Quite a few times, my wife has sent me to the store with a list, and I could never get everything on that 
list. I do not know why, but I would miss two or three items on her list. I am not saying because the list 
was too long, that is probably the reason, but I am not saying it. Knowing this, my wife shot back to 
me, "No, I can't think of anything I'd like you to pick up. Drive carefully." I sighed a deep sigh of relief, 
knowing that now I was not going to get into any kind of trouble.

Not many places are open this time because of the shutdown, so I did not have many choices. Therefore, 
I just did what I was supposed to do as quickly as possible and headed back home. Please, do not let this 
get out to, you-know-who, but I did go through a drive-through and picked up some very delicious ice 
cream. I enjoyed it all the way home. For me, ice cream is much more delicious when nobody knows 
you’re eating it. I almost got home when out of nowhere came a big dark cloud that hit my truck in the 
front as I have never been hit before. At first, I thought it was the apocalypse.

When I got through it, I realized I had hit, or rather, they hit me, a group of “Love Bugs” and were 
smeared all over my window and the front part of my truck. I used to have a silver truck, now it was 
just about all black, at least in the front. I know they are "Love Bugs," but at that time, I did not feel any 
kind of love toward them. I was feeling the exact opposite, but I will not mention it.

When I walked in through the front door at home, my wife saw I was more agitated than ever. I even 
slammed the door behind me, which indicated how aggravated I was. “What happened?” I just looked 
at my wife and then said, "Those lousy Love Bugs attacked me as I was driving, and they're all over my 
truck. I'm never going to get them off." With that, I went, got a bucket of water, and tried to clean them 
off my truck.

I noticed my wife was smiling as I left and said to me, “You should drive more carefully.” Then she 
snickered. I hate it when she snickers. No matter how hard I worked to get those bugs off my truck, I 
could not get them all off. It was a dark reminder of bug love. When I walked in, my wife said, "Well,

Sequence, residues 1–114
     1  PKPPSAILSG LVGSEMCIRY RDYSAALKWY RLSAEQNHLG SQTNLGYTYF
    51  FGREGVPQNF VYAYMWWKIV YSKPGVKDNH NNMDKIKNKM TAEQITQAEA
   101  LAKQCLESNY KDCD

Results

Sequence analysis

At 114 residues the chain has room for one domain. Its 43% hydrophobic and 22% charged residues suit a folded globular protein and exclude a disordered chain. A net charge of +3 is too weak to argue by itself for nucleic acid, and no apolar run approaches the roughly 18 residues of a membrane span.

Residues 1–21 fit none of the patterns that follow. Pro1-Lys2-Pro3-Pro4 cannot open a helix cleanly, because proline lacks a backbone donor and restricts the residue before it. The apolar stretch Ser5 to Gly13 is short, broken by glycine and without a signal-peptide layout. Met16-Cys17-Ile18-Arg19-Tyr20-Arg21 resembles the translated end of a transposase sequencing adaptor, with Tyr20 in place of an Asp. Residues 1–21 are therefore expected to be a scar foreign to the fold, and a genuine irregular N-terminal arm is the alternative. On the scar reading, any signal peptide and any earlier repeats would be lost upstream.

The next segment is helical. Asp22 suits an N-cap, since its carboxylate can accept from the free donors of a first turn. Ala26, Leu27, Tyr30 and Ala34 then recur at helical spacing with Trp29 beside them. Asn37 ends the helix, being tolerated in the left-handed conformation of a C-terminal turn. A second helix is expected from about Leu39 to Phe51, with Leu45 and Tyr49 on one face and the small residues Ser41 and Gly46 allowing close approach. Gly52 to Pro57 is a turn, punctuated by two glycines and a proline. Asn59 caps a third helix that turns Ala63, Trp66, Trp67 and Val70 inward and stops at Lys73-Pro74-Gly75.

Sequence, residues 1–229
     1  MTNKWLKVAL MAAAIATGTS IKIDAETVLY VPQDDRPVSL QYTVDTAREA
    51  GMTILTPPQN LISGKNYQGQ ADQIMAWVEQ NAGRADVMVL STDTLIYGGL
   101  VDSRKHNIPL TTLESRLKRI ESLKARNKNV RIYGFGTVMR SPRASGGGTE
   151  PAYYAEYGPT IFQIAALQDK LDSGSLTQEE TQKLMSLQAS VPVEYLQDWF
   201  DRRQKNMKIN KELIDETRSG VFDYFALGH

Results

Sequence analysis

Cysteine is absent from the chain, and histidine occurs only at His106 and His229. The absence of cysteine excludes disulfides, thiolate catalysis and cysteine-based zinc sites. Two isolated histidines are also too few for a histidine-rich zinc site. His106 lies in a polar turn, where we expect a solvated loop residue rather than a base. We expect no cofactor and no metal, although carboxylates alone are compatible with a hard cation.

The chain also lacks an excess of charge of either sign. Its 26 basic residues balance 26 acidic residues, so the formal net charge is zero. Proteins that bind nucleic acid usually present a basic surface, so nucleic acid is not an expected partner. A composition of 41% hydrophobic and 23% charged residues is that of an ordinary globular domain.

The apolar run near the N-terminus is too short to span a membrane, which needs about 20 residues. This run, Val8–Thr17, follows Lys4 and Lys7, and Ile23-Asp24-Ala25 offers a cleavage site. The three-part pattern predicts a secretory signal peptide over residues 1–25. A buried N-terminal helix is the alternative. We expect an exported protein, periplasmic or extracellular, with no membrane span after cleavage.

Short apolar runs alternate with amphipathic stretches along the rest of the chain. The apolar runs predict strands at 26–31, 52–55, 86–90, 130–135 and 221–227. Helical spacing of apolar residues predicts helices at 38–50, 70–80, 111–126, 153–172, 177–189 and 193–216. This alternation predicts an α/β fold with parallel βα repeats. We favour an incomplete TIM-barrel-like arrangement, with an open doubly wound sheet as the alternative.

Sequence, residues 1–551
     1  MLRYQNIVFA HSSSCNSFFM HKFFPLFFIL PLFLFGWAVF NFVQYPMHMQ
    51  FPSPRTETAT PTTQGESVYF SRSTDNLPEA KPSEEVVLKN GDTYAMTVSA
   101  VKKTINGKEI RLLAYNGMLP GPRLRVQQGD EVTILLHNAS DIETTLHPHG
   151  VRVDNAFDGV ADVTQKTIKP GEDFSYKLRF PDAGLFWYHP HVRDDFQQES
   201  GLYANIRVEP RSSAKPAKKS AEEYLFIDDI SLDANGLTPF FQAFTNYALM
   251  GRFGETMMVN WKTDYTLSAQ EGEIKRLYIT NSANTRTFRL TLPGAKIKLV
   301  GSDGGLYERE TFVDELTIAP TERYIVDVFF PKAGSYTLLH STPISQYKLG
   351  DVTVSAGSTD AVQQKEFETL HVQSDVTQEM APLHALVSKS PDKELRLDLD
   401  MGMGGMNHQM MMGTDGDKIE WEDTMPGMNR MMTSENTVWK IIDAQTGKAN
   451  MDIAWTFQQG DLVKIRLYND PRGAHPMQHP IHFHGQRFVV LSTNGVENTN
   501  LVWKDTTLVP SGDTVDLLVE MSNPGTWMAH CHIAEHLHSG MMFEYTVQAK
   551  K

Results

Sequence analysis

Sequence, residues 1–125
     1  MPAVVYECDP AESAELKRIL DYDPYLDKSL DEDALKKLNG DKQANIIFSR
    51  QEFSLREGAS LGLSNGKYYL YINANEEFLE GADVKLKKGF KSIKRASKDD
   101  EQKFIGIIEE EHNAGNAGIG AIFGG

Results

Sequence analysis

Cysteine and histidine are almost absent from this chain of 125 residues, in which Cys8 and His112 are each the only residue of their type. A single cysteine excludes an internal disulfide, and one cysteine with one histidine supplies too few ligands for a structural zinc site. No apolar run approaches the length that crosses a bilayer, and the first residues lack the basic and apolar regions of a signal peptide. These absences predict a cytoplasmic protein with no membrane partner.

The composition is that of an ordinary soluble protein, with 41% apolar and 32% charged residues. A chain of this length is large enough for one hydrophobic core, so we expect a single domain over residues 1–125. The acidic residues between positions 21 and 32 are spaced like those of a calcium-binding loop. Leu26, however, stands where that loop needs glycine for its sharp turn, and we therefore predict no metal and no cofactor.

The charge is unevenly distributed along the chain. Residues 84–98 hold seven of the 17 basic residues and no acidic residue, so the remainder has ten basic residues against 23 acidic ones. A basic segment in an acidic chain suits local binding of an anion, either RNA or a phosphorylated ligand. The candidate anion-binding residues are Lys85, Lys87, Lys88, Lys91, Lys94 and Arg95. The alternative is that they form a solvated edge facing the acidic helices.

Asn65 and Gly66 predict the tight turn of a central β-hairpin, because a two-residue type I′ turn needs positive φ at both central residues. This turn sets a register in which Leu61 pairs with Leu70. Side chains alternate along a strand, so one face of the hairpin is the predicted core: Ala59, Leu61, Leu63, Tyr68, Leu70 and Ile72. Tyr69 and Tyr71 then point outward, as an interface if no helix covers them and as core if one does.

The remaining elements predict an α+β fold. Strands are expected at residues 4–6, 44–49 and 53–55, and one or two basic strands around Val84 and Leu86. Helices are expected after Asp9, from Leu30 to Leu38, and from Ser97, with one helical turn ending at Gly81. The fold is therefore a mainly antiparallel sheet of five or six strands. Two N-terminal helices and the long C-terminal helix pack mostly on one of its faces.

did you get them all off your truck?" Then she gave me one of her infamous snickers.

Throughout the day, when she looked at me, she was snickering.

The next morning my wife had to go down to the store to get a few groceries. As she shut the door behind 
her, she said to me, “I guess I’m going to have to drive carefully.” Then she snickered again.

A little over an hour later, she returned, and when she came in the door, I noticed something was 
wrong. I asked her if anything was wrong, and all she said, "No, nothing’s wrong. I’ll take care of it.”

I knew by her demeanor, something was wrong, and something she really did not want me to know. 
That perked my curiosity. In a few minutes, I looked out the window and there she was with a bucket 
of water washing the front of her van. I had my suspicions, which proved correct.

When she came in the front door, I was waiting for her and said, “Any Love Bug problem?” With that, 
I not only snickered, but I laughed out loud hilariously. “Maybe,” I said between laughing, “you should 
drive a little more carefully.” Her stare informed me that she did not think it was funny, which made it 
even funnier for me. Thinking about that, I remembered what the prophet Amos once said. “Can two 
walk together, except they be agreed?” (Amos 3:3). 

 Walking together on the same pathway, we experience the same thing. Sometimes we forget that, I 
know I do. I am learning not to criticize other people for what they’re going through at the time because 
I may go through that same experience tomorrow.

Mountain Views News 80 W Sierra Madre Blvd. No. 327 Sierra Madre, Ca. 91024 Office: 626.355.2737 Fax: 626.609.3285 Email: Website: